While the initial plan was to launch a car with Level 5 automation, aka full self-driving, 2023 brought news Apple had scaled back those ambitions rather drastically. According to Bloomberg, the Apple Car was being bumped all the way down to Level 2+, or partly automated driving — something already found in cars from manufacturers like Tesla.

This report also suggested a release date had been pushed to 2026 at the very earliest, and that Apple was aiming to keep the price under $100,000. There was also, of course, the small matter of regulatory approval and testing, which could’ve delayed the whole thing for several years.

The project was finally cancelled outright in February 2024, with Apple deciding to shift focus to generative artificial intelligence.

What would the Apple Car have been like?

We never got to see the Apple Car in the metal, but rumours and reports give us an idea of what it looked like – and the sort of interior tech it would arrive with.

Originally it was to be limo-like inside, with no steering wheel or pedals and inward-facing seats. A curved roofline and trunk that rises up for easier access to what’s inside were also mooted by Wayne Ma of The Information. That then changed when Apple gave up on fully autonomous driving, with a more traditional seat layout and manual controls.

Apple was designing its own battery technology, rather than source one from the automotive world, with the aim of significant range advantages over existing EVs. There was never any indication of range, charging speeds, or motor performance mentioned, with Apple still in the early development stages/focusing instead on software.

The company filed a patent for “a vehicle video system to aid in navigation”, which would’ve let you pick a stopping point based on camera feeds from around the car, rather than from a generic ZIP code and a 2D map. Pull into a shopping centre, for example, and you’d be able to point to a space for the car to drive into. Another patent for ‘doors with adaptive positioning’ describes a smarter version of minivan-like sliding doors, but there was no suggestion it was a lock for appearing on the Apple car.

Apple’s demonstration of 2023’s CarPlay update at WWDC in 2022 gave us the best look yet at Apple’s infotainment system plans. It fully takes over the infotainment and digital dashboard of any car it boots up on, even replacing the speedo and information like remaining electric range.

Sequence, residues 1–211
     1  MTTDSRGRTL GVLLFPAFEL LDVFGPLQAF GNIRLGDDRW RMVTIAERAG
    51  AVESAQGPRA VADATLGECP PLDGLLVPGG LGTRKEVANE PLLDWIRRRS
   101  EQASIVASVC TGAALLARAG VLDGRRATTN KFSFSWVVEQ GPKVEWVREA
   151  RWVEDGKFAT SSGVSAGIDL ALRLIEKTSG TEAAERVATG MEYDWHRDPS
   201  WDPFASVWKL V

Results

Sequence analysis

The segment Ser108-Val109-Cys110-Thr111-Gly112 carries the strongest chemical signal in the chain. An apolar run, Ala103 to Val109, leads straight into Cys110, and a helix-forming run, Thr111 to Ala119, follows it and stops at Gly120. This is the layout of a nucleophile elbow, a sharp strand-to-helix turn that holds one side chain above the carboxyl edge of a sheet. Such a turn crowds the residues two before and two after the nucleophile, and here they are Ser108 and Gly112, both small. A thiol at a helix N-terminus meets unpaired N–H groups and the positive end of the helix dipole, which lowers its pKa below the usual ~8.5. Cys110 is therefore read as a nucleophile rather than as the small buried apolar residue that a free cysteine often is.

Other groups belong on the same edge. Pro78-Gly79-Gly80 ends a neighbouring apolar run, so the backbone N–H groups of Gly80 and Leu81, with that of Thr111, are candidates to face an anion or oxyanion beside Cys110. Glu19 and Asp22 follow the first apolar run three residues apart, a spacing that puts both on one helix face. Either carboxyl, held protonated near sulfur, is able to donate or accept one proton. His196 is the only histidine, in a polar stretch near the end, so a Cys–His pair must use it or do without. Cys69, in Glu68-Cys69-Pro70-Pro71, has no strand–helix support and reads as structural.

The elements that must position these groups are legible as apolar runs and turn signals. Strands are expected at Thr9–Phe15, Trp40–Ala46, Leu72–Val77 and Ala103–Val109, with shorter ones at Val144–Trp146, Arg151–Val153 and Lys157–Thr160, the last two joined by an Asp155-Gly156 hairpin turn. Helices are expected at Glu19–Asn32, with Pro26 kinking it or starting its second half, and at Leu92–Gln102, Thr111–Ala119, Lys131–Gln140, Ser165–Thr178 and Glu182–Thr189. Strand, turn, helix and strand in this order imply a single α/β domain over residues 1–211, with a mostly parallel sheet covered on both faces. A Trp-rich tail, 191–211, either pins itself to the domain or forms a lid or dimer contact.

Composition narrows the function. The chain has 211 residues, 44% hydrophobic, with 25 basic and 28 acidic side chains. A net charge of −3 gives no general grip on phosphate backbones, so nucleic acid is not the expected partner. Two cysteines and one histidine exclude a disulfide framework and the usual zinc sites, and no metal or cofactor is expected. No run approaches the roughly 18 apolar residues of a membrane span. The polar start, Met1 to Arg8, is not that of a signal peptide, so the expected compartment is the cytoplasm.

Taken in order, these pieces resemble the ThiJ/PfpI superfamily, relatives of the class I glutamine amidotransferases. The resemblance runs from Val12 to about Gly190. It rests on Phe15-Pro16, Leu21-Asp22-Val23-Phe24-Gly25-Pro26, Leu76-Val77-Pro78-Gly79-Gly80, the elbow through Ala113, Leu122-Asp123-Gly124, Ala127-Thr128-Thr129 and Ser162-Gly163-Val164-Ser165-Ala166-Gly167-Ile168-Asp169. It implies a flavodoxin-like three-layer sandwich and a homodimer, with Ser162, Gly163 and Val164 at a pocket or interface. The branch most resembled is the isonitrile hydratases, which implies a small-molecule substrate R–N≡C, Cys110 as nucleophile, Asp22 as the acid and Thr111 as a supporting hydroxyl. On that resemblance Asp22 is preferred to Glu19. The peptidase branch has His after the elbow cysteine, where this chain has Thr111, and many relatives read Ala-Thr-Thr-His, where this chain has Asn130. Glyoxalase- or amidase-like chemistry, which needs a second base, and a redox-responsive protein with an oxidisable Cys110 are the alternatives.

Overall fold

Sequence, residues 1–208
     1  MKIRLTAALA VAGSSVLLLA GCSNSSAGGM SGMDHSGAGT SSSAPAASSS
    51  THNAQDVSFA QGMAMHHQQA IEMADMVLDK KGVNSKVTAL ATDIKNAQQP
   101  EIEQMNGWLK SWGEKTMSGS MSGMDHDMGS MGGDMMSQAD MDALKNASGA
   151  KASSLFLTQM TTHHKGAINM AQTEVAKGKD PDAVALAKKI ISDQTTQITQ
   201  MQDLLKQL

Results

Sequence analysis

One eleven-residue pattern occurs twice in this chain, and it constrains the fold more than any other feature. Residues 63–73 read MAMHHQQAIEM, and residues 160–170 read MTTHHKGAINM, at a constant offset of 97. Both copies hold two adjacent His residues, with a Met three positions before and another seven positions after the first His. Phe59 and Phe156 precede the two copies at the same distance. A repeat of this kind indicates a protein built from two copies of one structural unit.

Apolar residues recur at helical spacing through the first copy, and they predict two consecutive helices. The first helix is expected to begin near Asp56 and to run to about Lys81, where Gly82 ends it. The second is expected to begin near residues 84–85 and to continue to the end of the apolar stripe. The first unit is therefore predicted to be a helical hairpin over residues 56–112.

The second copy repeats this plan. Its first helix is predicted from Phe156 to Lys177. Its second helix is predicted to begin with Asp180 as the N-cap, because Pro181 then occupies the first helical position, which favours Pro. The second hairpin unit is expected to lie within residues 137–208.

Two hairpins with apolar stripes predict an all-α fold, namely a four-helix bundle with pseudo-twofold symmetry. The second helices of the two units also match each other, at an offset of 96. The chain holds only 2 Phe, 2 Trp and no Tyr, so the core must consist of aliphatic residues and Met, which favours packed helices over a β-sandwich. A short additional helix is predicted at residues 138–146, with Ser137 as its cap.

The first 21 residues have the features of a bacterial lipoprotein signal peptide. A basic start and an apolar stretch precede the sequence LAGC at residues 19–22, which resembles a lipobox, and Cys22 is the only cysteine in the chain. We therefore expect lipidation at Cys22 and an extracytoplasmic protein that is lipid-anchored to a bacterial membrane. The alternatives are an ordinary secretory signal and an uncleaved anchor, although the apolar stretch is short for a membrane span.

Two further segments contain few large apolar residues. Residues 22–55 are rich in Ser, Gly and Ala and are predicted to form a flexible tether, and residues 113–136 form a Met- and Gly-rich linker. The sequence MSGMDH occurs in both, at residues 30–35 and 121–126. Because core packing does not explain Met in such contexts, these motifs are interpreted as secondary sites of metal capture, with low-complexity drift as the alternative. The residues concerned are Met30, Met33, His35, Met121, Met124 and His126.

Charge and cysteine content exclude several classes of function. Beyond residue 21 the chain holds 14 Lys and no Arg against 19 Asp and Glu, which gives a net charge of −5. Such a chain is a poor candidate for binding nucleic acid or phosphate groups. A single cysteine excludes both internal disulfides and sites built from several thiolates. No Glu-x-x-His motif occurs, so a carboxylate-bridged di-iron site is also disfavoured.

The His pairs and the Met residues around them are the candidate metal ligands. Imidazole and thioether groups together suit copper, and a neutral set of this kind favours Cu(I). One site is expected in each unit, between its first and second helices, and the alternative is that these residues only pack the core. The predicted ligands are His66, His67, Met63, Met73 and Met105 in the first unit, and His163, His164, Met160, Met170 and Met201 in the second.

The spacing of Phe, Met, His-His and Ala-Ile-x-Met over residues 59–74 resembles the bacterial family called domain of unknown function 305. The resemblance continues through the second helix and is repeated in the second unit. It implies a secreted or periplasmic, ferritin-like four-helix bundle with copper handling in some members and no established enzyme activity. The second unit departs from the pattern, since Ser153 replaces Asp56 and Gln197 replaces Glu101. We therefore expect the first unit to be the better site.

Ultimately that software takeover has seemingly superseded the need for the firm to launch a car at all.

When would we have seen an Apple Car?

Building a car from scratch isn’t easy, as Dyson found out. The Apple Car spent more than a decade in development, and had several mooted launch dates before the firm apparently pulled the plug entirely.

When the project became more than a whisper in 2015, Apple reportedly wanted to have something “ready to ship” in 2019 – although it’s unclear if that meant revealing the finished product, or having it on customer’s driveways. A later report claimed that a 2021 debut was more likely, but both dates came and went.

In August 2018, analyst Ming-Chi Kuo suggested the Apple Car would be released some time between 2023 and 2025, but Mark Gurman at Bloomberg, suggested a delayed release around 2028. It now seems that won’t be the case either, with the project cancelled – albeit unofficially, given Apple never made it public in the first place.

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Connor is a writer for Stuff, working across the magazine and the Stuff.tv website. He has been writing for around seven years now, with writing across the web and in print too. Connor has experience on most major platforms, though does hold a place in his heart for macOS, iOS/iPadOS, electric vehicles, and smartphone tech. Just like everyone else around here, he’s a fan of gadgets of all sorts! Aside from writing, Connor is involved in the startup scene. This exciting involvement puts him at the front of new and exciting tech, always on the lookout for innovating products.

Areas of expertise

Mobile, macOS, EVs, smart home